Enterprises soften PC decline during worst 'school' quarter in five years

Windows 8.1 offers hope, but the PC isn't out of detention yet

PC in bin

The PC market continued its long and drawn-out descent during the third quarter as consumers opted for tablets. It wasn't as bad is it could have been though, mainly thanks to strong performances from business-focused vendors.

That's according to analysts at both Gartner and IDC, who pitched the market's year-on-year decline at 10.9% and 9.5% respectively. It marked the sixth consecutive quarter of tumbling sales figures and its worst performance during the typically strong 'back to school' period for five years, according to Gartner.

Consumer-focused vendors Acer and Asus both suffered double-digit hits to market share during the three month period, while strong business performers Lenovo, HP and Dell skipped merrily toward double-digit gains.

According to Gartner, Beijing-based PC behemoth Lenovo held onto the top spot by a whisker with 17.6% of global sales, edging HP's 17.1%. Both still sit comfortably ahead of third-placed Dell, which grew market share by 1% during the quarter.

Seventh heaven

Gartner analyst Ranjit Atwal told TRPro that Lenovo, Dell and HP benefited during the quarter from organisations leaping off Microsoft's ticking XP timebomb onto the comparatively safer vessel that is Windows 7.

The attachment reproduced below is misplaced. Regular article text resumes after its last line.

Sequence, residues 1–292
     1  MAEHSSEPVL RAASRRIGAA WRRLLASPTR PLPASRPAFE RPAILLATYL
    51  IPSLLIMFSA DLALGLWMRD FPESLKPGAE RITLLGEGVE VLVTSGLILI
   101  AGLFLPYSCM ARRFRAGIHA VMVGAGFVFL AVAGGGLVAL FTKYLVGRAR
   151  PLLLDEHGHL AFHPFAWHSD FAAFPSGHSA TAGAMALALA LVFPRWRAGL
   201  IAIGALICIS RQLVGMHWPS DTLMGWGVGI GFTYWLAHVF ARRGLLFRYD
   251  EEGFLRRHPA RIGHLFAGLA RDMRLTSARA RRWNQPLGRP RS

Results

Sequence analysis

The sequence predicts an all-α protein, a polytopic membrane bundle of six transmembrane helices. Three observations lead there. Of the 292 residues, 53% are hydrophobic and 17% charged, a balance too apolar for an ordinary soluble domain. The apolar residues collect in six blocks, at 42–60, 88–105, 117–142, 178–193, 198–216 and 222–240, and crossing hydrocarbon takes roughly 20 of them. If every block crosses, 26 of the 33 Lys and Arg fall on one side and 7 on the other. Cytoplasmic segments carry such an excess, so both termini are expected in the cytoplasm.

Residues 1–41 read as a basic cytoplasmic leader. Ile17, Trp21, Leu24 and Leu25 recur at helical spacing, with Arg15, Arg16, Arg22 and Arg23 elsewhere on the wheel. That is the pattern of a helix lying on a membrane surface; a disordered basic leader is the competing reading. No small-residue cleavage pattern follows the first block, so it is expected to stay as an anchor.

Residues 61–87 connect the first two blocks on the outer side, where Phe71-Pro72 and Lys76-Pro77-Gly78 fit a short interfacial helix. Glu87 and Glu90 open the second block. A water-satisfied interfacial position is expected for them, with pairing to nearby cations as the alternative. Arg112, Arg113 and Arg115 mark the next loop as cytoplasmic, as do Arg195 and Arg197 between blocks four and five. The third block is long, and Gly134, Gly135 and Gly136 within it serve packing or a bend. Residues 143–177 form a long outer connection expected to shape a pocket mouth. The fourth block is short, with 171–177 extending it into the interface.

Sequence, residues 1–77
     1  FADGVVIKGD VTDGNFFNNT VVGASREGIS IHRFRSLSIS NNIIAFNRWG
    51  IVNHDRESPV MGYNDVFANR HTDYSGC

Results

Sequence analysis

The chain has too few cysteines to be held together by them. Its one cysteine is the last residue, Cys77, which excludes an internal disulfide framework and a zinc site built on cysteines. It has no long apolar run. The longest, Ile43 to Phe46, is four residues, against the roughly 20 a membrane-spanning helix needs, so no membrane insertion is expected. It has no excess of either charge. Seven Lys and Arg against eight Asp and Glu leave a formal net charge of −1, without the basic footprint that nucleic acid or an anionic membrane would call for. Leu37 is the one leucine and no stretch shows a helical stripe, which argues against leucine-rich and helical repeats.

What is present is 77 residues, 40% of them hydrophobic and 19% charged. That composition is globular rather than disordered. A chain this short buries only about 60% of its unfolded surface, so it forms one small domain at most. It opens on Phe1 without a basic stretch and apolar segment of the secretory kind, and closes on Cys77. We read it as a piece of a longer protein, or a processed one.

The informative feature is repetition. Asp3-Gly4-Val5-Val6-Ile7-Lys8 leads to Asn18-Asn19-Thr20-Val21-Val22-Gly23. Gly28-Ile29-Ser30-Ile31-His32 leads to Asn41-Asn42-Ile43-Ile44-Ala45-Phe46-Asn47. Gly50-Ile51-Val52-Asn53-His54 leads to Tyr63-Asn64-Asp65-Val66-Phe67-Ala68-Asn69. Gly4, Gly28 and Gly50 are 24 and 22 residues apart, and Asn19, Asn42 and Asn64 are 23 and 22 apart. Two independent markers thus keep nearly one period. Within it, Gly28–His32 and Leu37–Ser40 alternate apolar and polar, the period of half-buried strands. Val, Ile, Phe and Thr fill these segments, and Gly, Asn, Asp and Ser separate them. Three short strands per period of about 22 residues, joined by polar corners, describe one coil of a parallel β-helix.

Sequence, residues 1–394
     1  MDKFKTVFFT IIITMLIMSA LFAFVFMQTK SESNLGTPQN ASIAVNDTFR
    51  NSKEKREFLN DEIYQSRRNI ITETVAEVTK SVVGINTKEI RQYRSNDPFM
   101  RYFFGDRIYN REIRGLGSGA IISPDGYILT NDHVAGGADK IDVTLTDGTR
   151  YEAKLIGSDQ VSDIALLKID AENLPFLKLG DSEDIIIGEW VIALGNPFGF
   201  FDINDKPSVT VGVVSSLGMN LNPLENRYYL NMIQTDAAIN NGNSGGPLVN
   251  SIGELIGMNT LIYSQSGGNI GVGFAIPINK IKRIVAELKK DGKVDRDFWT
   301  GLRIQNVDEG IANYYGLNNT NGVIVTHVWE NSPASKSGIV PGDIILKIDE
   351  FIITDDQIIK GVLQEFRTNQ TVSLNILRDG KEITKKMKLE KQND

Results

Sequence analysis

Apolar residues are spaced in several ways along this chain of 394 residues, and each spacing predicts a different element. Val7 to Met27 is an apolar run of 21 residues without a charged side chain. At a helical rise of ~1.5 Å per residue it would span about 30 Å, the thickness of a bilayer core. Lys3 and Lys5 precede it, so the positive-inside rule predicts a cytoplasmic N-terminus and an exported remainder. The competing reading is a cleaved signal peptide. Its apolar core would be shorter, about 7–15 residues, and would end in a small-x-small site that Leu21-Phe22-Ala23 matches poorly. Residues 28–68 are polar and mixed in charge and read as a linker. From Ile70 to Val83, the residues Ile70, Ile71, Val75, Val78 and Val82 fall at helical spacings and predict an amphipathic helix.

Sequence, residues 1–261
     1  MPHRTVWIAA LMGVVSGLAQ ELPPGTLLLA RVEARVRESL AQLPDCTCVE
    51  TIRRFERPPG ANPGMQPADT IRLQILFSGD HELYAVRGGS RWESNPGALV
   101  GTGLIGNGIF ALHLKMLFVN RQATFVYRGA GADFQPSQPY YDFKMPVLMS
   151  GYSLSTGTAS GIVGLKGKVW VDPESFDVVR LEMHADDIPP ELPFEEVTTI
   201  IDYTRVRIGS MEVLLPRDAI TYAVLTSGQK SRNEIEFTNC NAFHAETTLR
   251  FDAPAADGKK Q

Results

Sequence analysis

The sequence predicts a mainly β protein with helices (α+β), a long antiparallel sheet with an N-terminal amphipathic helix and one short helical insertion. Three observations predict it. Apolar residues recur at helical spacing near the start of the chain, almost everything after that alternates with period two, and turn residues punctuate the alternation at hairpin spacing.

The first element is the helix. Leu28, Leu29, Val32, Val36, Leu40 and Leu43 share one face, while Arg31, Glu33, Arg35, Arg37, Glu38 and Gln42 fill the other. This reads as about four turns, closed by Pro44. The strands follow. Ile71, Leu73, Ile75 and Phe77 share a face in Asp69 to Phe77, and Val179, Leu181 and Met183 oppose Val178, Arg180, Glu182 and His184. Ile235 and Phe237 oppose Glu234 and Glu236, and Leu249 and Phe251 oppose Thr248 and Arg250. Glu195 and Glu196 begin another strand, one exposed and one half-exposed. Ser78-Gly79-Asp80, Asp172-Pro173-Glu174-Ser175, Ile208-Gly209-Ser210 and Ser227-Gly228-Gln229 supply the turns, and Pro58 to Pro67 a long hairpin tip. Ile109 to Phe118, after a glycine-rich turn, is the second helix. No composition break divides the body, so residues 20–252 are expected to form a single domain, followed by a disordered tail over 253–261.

He said: "The market is still weak overall, but there may be a few bright spots ahead on the professional side. With Windows 8.1 tablets and mobile PCs on the horizon, vendors may have something to speak, but not shout about during this holiday season.

"They now have a platform also of interest to consumers that has all of the attributes that should have been there three or four years ago - such as battery life and touchscreens - the aspects that have been in phones and tablets for quite a few years."

Tablet temptation

According to Gartner, tablets and inexpensive media consumption devices are replacing existing PCs or making people hold off buying new ones in both developing and mature markets.

Atwal says that the variety of tablets on offer is also giving organisations food for thought on how to best equip their employees.

He said: "In the instance of dockable tablets, it's whether they enhance the lives of salespeople and those who are on the road, along with the question of whether a 10-inch screen is going to have to be supported by a 17-inch monitor.

"The key point for vendors is that they need to think about different devices. If they go for like-for-like replacement activity [of installed PCs] then it won't work as there's a longer sales cycle. They need to sell stuff quickly given the margins in the industry."